In other words, Tesla would have been unprofitable without the help of carbon credits revenue.
However, in fiscal 2021, Tesla’s profitability was so huge that the company would still be profitable even without the help from regulatory credit revenue.
For instance, Tesla’s net profit margin clocked in at a whopping 10% in Q4 2021 on a TTM basis inclusive of regulatory credits revenue.
Without regulatory credits revenue, Tesla’s net profit margin still came in at an impressive figure of 7.5% in the same fiscal quarter.
Therefore, Tesla can finally announce to have made a profit without regulatory credits sales.
Tesla was seen incurring heavy losses in the past with margins being mostly negative numbers.
Tesla has made tremendous progress in the last 5 years in terms of vehicle production and deliveries and the expanding volume has led to growing margins.
That said, Tesla’s multiple margins, including both GAAP (gross, operating and net margins) and non-GAAP margins (EBITDA), are seen turning from negative to positive, and they have even reached record highs as of fiscal 4Q 2021.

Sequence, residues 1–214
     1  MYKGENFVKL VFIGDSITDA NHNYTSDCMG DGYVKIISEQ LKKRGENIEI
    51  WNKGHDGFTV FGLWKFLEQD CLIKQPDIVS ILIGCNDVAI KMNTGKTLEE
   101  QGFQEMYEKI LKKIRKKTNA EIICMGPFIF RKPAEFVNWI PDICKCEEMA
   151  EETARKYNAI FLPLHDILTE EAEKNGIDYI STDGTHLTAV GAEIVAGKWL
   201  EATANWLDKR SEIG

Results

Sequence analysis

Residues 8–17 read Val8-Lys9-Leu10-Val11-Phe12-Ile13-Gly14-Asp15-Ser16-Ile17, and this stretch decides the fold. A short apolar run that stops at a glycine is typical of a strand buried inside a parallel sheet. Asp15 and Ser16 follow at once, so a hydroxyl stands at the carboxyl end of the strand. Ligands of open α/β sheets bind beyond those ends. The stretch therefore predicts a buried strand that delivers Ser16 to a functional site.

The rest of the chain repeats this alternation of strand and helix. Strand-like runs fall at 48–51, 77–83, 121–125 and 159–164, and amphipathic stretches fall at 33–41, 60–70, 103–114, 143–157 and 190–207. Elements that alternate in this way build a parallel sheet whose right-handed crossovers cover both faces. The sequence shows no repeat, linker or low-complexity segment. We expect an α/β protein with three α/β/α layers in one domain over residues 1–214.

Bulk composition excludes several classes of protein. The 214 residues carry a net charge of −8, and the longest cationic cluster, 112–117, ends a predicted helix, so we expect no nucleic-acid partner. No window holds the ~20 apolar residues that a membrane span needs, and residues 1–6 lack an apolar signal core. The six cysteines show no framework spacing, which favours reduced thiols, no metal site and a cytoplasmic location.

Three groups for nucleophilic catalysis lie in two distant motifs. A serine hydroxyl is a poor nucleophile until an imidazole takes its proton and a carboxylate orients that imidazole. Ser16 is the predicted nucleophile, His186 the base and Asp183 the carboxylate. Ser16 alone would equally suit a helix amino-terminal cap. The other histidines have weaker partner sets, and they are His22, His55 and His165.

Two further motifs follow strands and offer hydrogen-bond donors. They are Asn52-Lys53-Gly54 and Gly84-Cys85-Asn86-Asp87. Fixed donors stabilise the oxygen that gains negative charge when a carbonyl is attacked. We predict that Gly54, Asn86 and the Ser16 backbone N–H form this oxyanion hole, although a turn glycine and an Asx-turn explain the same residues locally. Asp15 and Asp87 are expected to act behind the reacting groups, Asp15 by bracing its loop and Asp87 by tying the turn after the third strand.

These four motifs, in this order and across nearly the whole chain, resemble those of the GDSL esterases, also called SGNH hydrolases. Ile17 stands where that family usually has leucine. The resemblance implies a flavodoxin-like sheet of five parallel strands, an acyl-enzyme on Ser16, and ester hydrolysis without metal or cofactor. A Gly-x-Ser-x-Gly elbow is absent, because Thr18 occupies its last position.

More importantly, Tesla’s net profit margin finally made it into the black in 2021 even without factoring in the numbers from regulatory credits, signaling that the company’s profits have significantly risen and have far exceeded that of regulatory credits.
In short, Tesla’s margins, both GAAP and non-GAAP, will most likely improve further as the company’s vehicle production and delivery volume increases and gets more efficient in production.
References and Credits
1. All financial data in this article were obtained and referenced from Tesla’s annual and quarterly financial statements which can be found in Tesla’s Earnings Releases and Presentations.
Statistics For Other Stocks
The content in this article is for informational purposes only and is neither a recommendation nor a piece of financial advice to purchase a stock.
If you find the information in this article helpful, please consider sharing it on social media and also provide a link back to this article from any website so that more articles like this one can be created in the future. Thank you!